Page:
The Lean Triathlete

Articles. The Lean Triathlete.

The Lean Triathlete

Triathletes come in all shapes and sizes. Just like books, they shouldn’t be judged by their cover. Still, whether it’s to look better in their tri kit or to become faster via an improved power-to-weight ratio, improving body composition is an ongoing process for many athletes. But how to achieve a leaner physique can be tricky. Here’s why, and what to do about it.

Counting Calories

With the availability of health and fitness apps such as MyFitnessPal, MyPlate, and Lose It!, counting calories consumed minus calories burned has become an easy and convenient way to fit weight loss into a busy day using a simple math equation. Most assume that if the consumption of 3,500 calories equal one pound of body weight, reducing your intake by 3,500 calories via a combination of eating less and exercising more will result in one pound of weight loss, right?  No, it’s not quite that easy.

Here’s how calorie counting is problematic: When we allot X number of calories burned for a workout, we assume that X calories were from carbohydrates, which is glycogen that needs to be replaced. But, the math isn’t so simple. At all times, your body is fueled by a combination of carbohydrates and fat and sometimes a small amount of protein. You burn a larger percentage of fat when the heart rate is low (like when you’re recovering on the couch, sleeping, walking, or light jogging) and a larger percentage of carbohydrates when the heart rate is high (during speed work, tempo runs, and intervals), but it’s always a mix of fuel sources.

So, when you go for a one-hour run, let’s say an app reports you burned 700 calories. Knowing this, you might think there is some cushion in your daily caloric allotment. What the app doesn’t take into account is the fuel source of the 700 calories – which depends on the intensity of the workout. During a one-hour run, you might burn 350 calories from fat and 350 from carbohydrates. The fat calories don’t need to be replaced if the goal is to shed fat, but the carbohydrate calories do, which will naturally occur at your next timely meal. As you can see, the calories-in, calories-out approach is a bit more complicated than simply entering your activities and meals.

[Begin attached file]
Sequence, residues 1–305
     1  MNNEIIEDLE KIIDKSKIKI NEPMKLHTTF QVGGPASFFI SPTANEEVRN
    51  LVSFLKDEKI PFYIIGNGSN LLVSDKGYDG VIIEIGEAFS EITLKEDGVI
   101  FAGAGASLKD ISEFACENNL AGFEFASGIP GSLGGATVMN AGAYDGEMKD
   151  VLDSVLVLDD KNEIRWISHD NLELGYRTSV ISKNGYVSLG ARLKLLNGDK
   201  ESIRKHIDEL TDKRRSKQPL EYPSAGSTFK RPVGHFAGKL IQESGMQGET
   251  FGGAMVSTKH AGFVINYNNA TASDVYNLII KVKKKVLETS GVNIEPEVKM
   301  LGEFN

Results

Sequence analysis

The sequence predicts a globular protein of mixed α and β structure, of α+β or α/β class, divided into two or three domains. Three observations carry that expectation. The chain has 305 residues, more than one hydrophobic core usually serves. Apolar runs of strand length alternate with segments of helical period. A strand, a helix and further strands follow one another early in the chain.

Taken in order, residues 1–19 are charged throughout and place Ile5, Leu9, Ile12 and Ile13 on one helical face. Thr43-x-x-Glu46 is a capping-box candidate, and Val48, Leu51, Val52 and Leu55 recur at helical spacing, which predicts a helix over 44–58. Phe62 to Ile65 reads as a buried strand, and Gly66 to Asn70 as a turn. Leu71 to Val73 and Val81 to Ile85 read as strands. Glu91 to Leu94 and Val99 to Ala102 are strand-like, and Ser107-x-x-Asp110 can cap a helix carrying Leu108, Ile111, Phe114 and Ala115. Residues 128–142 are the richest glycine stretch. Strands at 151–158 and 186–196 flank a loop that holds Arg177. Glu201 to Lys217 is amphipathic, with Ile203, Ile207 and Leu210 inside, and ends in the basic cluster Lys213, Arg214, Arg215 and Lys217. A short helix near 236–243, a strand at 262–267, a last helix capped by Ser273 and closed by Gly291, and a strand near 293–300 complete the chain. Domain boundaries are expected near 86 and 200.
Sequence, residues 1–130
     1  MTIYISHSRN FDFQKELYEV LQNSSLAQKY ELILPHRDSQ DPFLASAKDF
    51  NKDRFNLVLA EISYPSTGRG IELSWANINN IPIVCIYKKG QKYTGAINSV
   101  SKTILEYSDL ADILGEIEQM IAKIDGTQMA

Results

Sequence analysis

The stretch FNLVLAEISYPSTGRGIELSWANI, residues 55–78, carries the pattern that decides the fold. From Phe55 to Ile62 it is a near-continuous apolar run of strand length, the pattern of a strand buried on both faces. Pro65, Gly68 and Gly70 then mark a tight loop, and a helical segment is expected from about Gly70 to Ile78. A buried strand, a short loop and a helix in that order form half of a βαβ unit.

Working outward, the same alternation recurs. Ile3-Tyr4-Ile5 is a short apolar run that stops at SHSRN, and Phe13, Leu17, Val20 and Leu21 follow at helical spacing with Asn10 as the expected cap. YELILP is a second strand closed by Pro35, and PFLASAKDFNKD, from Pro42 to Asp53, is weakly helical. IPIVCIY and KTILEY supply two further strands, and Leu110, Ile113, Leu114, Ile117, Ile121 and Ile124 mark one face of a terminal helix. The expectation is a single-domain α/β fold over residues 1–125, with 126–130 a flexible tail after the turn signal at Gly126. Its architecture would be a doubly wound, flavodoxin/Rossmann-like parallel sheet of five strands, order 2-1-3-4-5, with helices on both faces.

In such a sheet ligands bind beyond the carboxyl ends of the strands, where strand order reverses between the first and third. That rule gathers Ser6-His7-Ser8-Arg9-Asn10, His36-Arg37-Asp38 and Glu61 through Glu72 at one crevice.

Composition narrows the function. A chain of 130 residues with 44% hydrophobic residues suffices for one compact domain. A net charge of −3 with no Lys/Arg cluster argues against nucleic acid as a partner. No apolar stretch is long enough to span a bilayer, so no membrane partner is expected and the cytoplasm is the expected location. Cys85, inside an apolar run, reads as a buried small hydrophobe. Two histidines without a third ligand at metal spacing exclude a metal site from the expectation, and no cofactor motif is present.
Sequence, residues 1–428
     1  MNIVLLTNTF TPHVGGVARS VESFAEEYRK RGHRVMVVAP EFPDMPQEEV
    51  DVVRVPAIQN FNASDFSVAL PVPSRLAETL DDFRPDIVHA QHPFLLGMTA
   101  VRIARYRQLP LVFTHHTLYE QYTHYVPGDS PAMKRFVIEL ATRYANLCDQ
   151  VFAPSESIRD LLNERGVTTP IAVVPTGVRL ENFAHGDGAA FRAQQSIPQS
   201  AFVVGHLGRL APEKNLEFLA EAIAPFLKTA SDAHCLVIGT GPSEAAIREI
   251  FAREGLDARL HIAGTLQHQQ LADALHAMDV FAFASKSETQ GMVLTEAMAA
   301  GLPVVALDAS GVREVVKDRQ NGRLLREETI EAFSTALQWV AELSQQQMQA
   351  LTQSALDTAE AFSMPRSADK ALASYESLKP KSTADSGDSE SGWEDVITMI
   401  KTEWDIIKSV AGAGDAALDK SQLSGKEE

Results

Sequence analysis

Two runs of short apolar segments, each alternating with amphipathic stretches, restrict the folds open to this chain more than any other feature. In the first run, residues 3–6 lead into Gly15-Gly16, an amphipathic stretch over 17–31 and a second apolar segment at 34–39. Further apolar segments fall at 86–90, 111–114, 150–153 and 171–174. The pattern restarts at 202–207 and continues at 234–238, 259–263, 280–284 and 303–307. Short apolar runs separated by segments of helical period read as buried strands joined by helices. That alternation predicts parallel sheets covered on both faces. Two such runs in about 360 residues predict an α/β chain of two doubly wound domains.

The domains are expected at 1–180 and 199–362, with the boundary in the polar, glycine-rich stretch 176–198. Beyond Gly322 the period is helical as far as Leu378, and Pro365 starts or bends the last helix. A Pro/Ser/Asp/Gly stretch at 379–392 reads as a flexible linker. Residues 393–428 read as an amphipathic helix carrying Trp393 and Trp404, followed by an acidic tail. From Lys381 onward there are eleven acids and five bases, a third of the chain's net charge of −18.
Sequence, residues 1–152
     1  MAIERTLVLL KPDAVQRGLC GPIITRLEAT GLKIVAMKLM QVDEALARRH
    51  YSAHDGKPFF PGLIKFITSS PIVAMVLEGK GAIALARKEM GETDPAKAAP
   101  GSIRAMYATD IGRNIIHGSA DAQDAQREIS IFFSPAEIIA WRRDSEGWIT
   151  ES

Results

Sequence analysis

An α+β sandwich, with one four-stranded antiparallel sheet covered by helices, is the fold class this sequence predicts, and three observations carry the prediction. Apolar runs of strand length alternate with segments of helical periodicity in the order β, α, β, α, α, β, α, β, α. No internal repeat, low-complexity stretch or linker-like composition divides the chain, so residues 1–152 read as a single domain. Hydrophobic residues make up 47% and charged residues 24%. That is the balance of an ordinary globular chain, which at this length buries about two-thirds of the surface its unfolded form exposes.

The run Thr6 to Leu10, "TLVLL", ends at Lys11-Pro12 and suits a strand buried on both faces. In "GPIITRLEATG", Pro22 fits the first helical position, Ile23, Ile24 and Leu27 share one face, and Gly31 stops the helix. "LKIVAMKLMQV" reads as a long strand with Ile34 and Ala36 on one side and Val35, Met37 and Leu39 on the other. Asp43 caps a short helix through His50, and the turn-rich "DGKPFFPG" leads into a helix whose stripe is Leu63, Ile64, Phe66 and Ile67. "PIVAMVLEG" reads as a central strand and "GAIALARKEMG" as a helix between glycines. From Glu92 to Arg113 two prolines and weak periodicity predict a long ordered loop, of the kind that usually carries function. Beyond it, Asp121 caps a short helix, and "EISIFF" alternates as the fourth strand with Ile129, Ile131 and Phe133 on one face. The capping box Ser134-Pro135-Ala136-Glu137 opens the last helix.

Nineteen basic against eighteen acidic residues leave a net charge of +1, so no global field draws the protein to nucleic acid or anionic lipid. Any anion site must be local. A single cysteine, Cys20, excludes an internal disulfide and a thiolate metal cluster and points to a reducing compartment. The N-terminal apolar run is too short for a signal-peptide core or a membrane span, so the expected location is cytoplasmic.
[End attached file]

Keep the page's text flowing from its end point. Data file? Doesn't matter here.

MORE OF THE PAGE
Balance Macronutrients, Not Calories

This may come as a surprise to you, but the makeup of the calories you consume is more important than the number. Calories are made up of three main macronutrients: carbohydrates, protein, and fat. Athletic success, body composition, injury prevention, and overall health rely on proper nutrient timing and the right balance of carbs, protein, and fat.

As a general rule and depending on the training cycle, most athletes require 50 to 60 percent of calories from carbs, 15 to 20 percent from protein, and 20 to 30 percent from healthy sources of fat. The proper nutrient timing, along with the correct ratio of macronutrients, stabilizes blood sugars and insulin response, decreases food cravings, and improves body composition. Working with a sports-certified dietitian will help you customize a macronutrient plan that fits your needs, goals, and health concerns. Additional resources, like apps and websites, show macronutrient breakdowns for thousands of food items.

Frequency and Balance

If you’ve ever felt lethargic or moody after missing a meal or snack, you’re probably well aware that how often and when you eat is important. But did you know it’s just as important as what you eat? Always start your day off with a balanced breakfast that includes carbs, protein, and fat. Aim to eat a snack or meal every 3-4 hours during your waking time.

Keep in mind that a meal that seems healthy can be unbalanced, but a few simple changes can make a big difference. Just looking at your plate should give you a good indication of whether it’s balanced. Here are a few examples:

Breakfast (unbalanced):

  • 1 cup cooked oatmeal
  • 1 small banana
  • 1 cup skim milk

Totals: Carbs: 55g, Protein: 13g, Fat: 2g

Breakfast (balanced):

  • 1 cup cooked oatmeal
  • 1 small banana
  • 2 hard-boiled eggs
  • 1 cup skim milk

Totals: Carbs: 55g, Protein: 25g, Fat: 12g

Lunch (unbalanced):

  • 1 large salad with leafy greens, tomatoes, cucumbers, carrots, strawberries, pineapple and few pecans, and non-fat raspberry vinaigrette
  • 1 whole wheat roll

Totals: Carbs: 40g, Protein: <1g, Fat: 5g

Lunch (balanced):

  • 1 large salad with leafy greens, tomatoes, cucumbers, carrots, strawberries, 1/4 cup edamame, 1/4 cup corn, 1 oz. goat cheese, few pecans, 3 oz. grilled chicken breast, and non-fat raspberry vinaigrette
  • 1 whole wheat roll
  • 1 tsp. butter

Totals: Carbs: 55g, Protein: 36g, Fat: 22g


Adequately fueling your active body is important, but knowing where those calories come from is how the real magic happens. The body utilizes and processes carbs, protein, and fat differently. To sharpen your fat-burning engine, ward off cravings and insulin spikes, and achieve optimal body composition, find the macronutrient balance that works for you.

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